Most students want start of academic year to be delayedsurvey of prospective university students.
Half (49%) fear that damage caused by funding cuts because of the pandemic will negatively impact on their education and 71% back a delay to the start of term.
UCU General Secretary Jo Grady said: “Given the impact this uncertainty is having on students, it is now critical that government agrees to provide increased financial backing to the sector. Students need to be confident that they will get a high-quality education, despite the hugely damaging impact of the pandemic.”
YouthSight polled 516 students who have applied to university this academic year (2020-21), of whom 87% are living in the UK, and found:
• 23% were moderately or very worried that the university they wish to attend will go bust (not have enough money to operate) because of the crisis (9% were very worried).
• 49% were moderately or very worried that the university they wish to attend will need to make cuts because of the COVID-19 crisis that will negatively impact their education (23% were very worried).
• 71% were moderately or very supportive of moving the start of their first year of university to a later time if it meant they could have more face-to-face rather than online teaching (52% were very supportive).
The survey was published on the same day that the UK government published guidance on the reopening of higher education buildings and campuses, which gives clear encouragement to universities to continue to deliver many classes online.
The guidance advises universities to consider “how to encourage new ways of delivering in-person teaching and assessment that adhere to guidelines on social distancing, so that all students can receive a high-quality educational experience in a way that protects both students and staff”.
It leaves it to universities to “identify the appropriate mix of online and face-to-face content for each subject, reflecting what will maximise learning as well as supporting more vulnerable learners, and enabling the provider as a whole to minimise transmission risk”.
In line with this guidance, Universities UK published “Principles for emerging from lockdown”, also on 3 June, and in an accompanying statement, the president of Universities UK and vice-chancellor of Brunel University London, Professor Julia Buckingham, said: “Universities will provide as much in-person learning, teaching, support services and extra-curricular activities as public health advice and government guidance will support.”
There would be “carefully planned alternatives for students where parts of the university experience may be difficult to deliver in-person – such as large lectures”.
However, there remains uncertainty over how many students will seek to defer entry this year in the hope that normal face-to-face provision will resume the following academic year. Deferrals would cause a drop in income for universities, which rely on tuition fees of £9,250 (US$11,700) per domestic student, and higher rates for international students, for a large part of their funding.
Prospective students are anxious
Another survey just released found that only two-thirds of students preparing to go into UK higher education this autumn feel reassured by information they have received from universities they have applied to.
Prospective students are anxious and confused over a government U-turn over when they will receive their A-level grades, and worried about the replacement of exams with grading by teachers, according to the researchers.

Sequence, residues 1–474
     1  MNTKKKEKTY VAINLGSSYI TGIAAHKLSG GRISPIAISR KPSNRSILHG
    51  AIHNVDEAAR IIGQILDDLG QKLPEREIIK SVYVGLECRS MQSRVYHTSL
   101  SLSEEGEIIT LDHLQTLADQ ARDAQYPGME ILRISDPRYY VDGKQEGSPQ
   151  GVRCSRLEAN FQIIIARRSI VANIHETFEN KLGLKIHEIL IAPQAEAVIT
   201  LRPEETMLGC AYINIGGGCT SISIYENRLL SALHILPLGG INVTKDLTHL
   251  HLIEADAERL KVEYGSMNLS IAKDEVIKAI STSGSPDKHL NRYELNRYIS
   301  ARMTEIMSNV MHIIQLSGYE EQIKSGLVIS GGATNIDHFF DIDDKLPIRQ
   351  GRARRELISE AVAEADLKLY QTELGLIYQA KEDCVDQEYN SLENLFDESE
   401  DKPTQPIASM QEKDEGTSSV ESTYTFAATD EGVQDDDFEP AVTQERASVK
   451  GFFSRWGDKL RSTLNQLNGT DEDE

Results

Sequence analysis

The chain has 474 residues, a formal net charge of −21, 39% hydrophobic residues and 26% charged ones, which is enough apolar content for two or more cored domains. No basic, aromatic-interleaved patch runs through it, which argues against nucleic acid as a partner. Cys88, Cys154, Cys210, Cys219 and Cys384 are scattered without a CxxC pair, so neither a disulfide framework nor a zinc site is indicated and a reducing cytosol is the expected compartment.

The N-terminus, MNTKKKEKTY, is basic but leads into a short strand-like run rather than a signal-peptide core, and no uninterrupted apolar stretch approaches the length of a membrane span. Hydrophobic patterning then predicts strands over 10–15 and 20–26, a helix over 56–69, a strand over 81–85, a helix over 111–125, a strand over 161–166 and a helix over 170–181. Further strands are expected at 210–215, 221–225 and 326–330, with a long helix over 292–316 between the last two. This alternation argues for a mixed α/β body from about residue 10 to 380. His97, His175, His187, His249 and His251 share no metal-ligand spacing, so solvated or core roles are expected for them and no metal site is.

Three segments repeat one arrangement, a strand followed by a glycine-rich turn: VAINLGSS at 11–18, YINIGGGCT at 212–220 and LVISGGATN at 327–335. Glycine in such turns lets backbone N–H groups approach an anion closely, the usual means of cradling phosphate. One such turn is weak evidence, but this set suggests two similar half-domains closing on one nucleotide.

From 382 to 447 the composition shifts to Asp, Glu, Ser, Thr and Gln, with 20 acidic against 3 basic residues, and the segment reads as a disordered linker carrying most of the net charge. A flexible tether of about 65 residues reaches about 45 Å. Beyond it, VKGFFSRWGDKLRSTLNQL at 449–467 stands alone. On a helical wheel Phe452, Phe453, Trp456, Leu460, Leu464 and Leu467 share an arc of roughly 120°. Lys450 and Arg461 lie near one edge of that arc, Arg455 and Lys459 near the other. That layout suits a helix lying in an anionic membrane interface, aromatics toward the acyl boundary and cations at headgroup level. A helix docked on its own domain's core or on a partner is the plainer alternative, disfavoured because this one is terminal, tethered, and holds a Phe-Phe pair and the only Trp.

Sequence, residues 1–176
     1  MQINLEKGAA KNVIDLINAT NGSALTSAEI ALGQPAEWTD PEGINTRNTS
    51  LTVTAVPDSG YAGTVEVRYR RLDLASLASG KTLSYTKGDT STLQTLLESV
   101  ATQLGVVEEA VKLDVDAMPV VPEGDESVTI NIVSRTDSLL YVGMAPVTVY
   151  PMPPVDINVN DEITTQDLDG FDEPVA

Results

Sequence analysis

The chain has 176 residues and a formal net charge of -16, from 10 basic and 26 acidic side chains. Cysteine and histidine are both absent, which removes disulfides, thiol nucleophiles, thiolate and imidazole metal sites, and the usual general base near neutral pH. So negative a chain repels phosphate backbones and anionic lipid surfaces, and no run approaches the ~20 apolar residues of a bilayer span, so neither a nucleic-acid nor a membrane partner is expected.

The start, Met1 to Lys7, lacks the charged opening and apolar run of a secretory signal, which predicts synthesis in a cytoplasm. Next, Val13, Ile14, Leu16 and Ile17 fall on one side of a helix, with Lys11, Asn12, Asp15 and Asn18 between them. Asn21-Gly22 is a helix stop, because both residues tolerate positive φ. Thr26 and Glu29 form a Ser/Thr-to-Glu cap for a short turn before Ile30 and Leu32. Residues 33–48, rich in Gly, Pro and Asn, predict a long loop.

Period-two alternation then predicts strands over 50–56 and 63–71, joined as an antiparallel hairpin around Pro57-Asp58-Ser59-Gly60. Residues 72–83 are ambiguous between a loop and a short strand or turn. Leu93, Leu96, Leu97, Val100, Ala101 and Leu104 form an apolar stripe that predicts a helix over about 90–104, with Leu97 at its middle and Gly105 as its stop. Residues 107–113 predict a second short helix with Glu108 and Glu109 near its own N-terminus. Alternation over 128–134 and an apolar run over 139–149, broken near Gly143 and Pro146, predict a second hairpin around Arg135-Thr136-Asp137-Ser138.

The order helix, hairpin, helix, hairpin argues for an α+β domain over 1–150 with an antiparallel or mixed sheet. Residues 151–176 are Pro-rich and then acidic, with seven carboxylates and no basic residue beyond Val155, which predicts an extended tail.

The Impact of the Coronavirus Pandemic on Students Preparing for University in 2020 report from UK-based digital marketing specialists Pickle Jar Communications was based on 326 responses to a survey of a cross-section of students representing state schools, grammar schools, sixth form colleges and independent schools. It was also supported by 30-minute interviews with 26 students across the UK.
Comments from students ranged from “All universities have been in touch with fond wishes, but none have any meaningful or clear information” to “One university invited me to choose my accommodation, despite it only being my insurance”.
Funding black hole
Last month a London Economics report for UCU warned of a £2.5 billion (US$3.2 billion) funding black hole as a result of a drop in the number of students coming to university in September. This would mean a £6 billion hit to the wider economy and the loss of around 60,000 jobs, the report warned.
UCU has called on the government to step in and underwrite funding for universities to protect the UK’s academic capacity and provide stability for the sector. The union said students needed to be confident that their institution was not at risk and the quality of their education was guaranteed.
Grady of UCU said: “Without increased support, our research has shown that thousands of jobs could go in a £6 billion shock to the economy. While university staff and students will bear the brunt of this, higher education is also important to many local businesses around the UK who will be fatally damaged by this contraction.
“No university should jeopardise the safety of staff or students to try and offer a more traditional university experience in the current climate. Government needs to guarantee funding so institutions are able to make decisions which put the welfare of their staff and students first, and plan for a delayed start if this is the safest course of action.”
Nic Mitchell is a British-based freelance journalist and PR consultant who runs De la Cour Communications and blogs about higher education for the European Universities Public Relations and Information Officers’ Association, EUPRIO, and on his website. He also provides English-language communication support for European universities and specialist higher education media.